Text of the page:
"It's good for security guards that hate skaters too."

And for skaters that get bullied by those who did not get to become a real cop.

Lance Gibson from UFC 24 who ko'd Jermaine
Andre with a spectacular knee to the chin
has been training Police Officers for
years. Gibson has had nothing but positive
comments from the Police Force. Kultar Gill
one of the top fighters in Canada is a
Corrections Officers and he also trains
with Team Gibson.


Cops have been using MMA for decades. Ground and pound, rear naked choke etc. The techniques are just a small part of it. The tactics of knowing which technique or weapon to use and when is most of the battle. Cops also practice transitioning up and down the use of force scale. The more tools you have in your arsenal that you know when and how to use, the better.

This thread is not acknowledging the totality of their training. MMA addresses about 1% of their total job duties. They have to be articulate report writers with basic lawyer knowledge of the criminal code, talented high speed drivers etc, negotiators, first responders for emergency medical treatment etc, etc. MMA helps, but it is not like they have the time to focus just on MMA.

The cops that train MMA have an advantage, but they could use additional training in a lot of areas, more cops are killed in car crashes than physical (non-firearm) confrontations. With this logic it would save more of their lives to train them better at driving. It is a complicated issue that is over simplified too often. I think cops should make MMA their means to stay in shape so they are killing two birds with one stone. I know MMA saved me from grave danger many times OTJ.

A Cop should know all about MMA incase some one that does MMA gets Mad @ a Cop.

In the Omaha, NE area at least a quarter of the people training MMA are law enforcement.


I think donuts are more dangerous to policemen than MMA.


I almost dread reading these threads because there is always at least one "coffee" lurking and waiting to jump in. I'm just surprised it took him 40+ posts to start his work.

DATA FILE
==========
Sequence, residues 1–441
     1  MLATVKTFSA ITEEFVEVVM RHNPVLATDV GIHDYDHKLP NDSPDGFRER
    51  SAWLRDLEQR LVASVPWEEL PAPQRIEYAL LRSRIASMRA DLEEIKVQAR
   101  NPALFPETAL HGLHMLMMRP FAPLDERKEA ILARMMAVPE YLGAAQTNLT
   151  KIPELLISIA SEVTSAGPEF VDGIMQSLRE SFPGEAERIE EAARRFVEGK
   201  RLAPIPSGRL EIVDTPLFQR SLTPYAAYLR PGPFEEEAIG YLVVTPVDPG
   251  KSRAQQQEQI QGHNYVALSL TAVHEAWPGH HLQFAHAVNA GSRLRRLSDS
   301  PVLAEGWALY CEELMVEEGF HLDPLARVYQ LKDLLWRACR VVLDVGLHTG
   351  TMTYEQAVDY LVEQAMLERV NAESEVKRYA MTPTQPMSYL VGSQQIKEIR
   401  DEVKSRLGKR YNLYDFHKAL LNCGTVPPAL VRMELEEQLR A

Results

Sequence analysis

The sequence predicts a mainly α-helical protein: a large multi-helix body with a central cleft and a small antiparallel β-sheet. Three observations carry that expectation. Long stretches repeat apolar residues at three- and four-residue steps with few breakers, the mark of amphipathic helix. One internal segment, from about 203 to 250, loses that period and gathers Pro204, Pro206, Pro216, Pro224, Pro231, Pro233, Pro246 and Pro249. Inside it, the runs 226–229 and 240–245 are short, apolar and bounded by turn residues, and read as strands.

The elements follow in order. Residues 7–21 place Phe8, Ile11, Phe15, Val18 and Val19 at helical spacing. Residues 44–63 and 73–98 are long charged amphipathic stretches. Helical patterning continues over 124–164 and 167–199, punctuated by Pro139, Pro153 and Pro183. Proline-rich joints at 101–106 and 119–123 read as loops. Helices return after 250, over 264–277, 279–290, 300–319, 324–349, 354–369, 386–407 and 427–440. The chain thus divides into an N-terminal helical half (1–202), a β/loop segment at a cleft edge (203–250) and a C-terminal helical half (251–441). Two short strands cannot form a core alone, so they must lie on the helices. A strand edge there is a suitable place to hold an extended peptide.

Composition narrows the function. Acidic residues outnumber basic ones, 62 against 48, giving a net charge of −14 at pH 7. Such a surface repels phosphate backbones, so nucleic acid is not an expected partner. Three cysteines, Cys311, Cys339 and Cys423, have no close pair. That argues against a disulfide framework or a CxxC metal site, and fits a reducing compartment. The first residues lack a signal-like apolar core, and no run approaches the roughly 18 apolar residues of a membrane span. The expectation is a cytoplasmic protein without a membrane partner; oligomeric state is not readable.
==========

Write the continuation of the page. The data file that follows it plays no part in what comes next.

Happy trolling coffee.

I am an Officer In CT. I have studied several different martial arts and started training BJJ around 92.

I am a great proponent of BJJ, however, many BJJ techniques will get you killed if you use them in a police function. (due to weapon proximity, officer/subject factors, multiple attackers and several other incidents mentioned previously in this thread)

CT POST has recently updated its training techniques and I feel they have gone in an excellent direction. They have encorporated some of the tennets of BJJ with other time proven techniques and come up with a fairly comprehensive defensive tactics program based on GROSS BODY MOVEMENTS. History has shown that fine motor skill techniques, IE wrist locks etc... do not work well under active resistence. The gross body movement techniques allow contact with the subject putting him at a disadvantage and then allowing for other restraint tech's to be utilized.

If there are any officers who are interested in this curriculum, hit my email and I can put you in touch with the right people. I have used the new curriculum on the job and have not been disappointed.

Touche' coffee. My spidey sense got the better of me.

The timing was right for the typical troll job: "I Hate cops. All cops suck. Etc."

My apologies.